The fuse listed in the SPC is FA.6 so does that mean 6 amps?

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Ohm’s Law actually can be applied directly to each step of resistance change with a constant DC voltage to determine the current at that resistance, then it could be plotted out.

It would be easier to use current to determine resistance as the current can more easily be measured incrementally at that constant voltage, then apply Ohm’s Law to determine and plot the resistance.

Yes.

F indicates Fast or Fast acting (blowing).

T is slow-blow, TT is very slow-blow FF is very fast acting.

Why T for slow-blow? Slow-blow fuses are ‘timed’ or time delayed.

I looked in the SPC and the control box voltage regulator has FA.25 fuses, which it says are 25 amps, and the cigar lighter fuse is FA.35 which it says is 35 amps. Good things to know.

I’m not sure what the “A” on FA indicates. Maybe it is part of FastActing, or maybe not. I’ll see what I can find, if anything, on it.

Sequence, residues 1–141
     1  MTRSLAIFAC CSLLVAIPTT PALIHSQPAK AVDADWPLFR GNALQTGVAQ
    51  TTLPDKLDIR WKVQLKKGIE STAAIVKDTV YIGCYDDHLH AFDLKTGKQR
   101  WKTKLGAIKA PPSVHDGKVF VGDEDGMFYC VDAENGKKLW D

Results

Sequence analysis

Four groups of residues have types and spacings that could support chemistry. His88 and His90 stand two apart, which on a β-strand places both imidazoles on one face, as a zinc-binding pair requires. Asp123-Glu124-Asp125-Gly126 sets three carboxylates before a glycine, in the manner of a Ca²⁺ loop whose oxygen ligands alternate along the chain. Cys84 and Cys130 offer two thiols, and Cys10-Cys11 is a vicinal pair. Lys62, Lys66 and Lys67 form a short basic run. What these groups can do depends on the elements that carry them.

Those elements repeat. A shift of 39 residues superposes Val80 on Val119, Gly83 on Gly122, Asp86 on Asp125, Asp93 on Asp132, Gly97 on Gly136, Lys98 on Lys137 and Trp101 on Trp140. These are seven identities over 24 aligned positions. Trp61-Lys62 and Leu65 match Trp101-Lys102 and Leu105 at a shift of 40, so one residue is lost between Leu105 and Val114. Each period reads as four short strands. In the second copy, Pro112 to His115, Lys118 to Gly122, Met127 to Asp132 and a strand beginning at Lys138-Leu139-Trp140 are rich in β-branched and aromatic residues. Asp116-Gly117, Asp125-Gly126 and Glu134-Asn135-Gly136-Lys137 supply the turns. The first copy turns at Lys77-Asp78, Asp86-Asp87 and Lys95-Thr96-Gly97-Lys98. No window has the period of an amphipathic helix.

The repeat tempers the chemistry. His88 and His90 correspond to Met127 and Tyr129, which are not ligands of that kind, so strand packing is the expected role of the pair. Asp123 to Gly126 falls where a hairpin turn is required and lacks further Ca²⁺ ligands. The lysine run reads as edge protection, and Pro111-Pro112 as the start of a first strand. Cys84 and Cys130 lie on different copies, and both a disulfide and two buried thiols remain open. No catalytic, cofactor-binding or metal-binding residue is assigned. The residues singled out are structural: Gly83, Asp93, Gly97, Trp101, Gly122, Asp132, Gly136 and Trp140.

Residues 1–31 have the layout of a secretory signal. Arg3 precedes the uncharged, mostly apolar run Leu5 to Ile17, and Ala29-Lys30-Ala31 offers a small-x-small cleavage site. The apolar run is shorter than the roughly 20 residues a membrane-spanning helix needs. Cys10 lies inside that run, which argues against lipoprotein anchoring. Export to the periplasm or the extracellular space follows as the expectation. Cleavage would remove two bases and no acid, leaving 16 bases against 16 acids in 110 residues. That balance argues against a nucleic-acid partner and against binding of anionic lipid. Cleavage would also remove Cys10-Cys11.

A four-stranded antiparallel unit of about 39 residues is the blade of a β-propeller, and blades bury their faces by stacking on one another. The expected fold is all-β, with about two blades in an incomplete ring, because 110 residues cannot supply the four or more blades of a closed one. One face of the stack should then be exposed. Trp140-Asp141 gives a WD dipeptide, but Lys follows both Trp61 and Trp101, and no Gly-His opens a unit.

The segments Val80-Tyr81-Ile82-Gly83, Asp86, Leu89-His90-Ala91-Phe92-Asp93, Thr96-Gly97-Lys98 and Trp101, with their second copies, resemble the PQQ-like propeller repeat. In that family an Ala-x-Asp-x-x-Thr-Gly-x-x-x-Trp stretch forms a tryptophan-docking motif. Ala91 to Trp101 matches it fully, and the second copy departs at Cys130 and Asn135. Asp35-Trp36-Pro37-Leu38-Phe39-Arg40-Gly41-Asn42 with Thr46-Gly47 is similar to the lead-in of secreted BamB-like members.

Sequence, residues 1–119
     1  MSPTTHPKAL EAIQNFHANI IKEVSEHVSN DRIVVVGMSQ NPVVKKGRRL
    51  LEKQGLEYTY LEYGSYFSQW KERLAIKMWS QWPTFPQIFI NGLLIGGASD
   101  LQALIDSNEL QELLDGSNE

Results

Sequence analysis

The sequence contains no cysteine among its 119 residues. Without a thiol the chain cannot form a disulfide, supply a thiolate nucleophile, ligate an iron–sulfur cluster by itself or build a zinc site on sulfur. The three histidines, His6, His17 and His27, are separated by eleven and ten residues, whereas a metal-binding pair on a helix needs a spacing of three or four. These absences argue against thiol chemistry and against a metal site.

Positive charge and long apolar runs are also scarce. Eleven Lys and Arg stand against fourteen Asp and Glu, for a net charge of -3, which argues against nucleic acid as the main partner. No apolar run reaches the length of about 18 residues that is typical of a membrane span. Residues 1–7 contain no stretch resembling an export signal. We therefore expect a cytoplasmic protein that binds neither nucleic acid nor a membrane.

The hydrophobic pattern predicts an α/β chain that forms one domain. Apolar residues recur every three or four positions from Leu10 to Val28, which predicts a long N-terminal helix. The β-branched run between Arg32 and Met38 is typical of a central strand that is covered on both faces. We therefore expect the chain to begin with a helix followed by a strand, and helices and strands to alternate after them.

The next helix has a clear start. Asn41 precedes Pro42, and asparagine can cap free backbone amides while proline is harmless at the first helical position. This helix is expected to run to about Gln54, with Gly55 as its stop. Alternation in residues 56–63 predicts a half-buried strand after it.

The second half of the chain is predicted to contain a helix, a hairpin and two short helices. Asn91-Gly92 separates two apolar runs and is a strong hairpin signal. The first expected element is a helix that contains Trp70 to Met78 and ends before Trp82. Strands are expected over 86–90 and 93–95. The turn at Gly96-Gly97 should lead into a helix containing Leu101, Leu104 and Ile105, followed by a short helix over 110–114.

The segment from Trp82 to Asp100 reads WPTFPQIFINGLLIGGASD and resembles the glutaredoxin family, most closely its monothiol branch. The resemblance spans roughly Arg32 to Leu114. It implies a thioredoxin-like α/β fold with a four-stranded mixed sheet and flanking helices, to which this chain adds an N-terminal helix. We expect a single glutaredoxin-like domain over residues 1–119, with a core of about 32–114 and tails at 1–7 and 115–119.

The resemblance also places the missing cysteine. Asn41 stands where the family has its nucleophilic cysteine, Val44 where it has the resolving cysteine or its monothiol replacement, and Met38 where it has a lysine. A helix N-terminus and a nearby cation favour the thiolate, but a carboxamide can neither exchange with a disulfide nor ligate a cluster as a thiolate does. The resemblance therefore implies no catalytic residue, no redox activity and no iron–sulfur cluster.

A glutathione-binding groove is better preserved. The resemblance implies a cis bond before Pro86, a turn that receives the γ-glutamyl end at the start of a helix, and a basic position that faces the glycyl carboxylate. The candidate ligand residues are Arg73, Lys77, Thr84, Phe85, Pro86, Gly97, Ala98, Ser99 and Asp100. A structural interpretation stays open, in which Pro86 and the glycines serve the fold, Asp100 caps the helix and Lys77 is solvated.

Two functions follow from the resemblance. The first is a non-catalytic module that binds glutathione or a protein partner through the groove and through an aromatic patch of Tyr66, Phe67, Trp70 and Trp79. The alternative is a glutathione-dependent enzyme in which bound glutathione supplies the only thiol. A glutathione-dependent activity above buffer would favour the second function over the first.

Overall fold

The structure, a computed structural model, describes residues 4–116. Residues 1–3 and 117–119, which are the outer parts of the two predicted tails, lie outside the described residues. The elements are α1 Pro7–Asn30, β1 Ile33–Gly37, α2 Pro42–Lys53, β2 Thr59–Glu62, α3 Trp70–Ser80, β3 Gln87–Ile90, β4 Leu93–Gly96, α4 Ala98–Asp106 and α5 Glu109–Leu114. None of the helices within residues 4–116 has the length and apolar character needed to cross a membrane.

So far I just learned three things I’ve not seen on fuses before.

M for medium acting (who knew?)

H and L for short circuit blow rating over the fuse rating.

H is High current over fuse rating
L is Low current over fuse rating

Fuse designations

This is the one that I use… :slight_smile:

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A few years ago, a friend sent me a photo of two of the 350 amp (Audiovisual Auto-Alert) fuses in a fuse box.

We figured he must have found Dumb and Dumber’s place.

:grimacing: :flushed:

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My GBC-8 fuses arrived today, so I won’t have to use a 22 caliber bullet shell. :wink:


s-l960-1
But it only comes into play when I dip the headlight, which I never do.

I noticed something interesting about my P100s; there is a number stamped in the solder joint on both the bucket and the front cover at the hinge.



The dipper is matching numbers.


But it is missing on the non-dipper cover, maybe due to an old repair.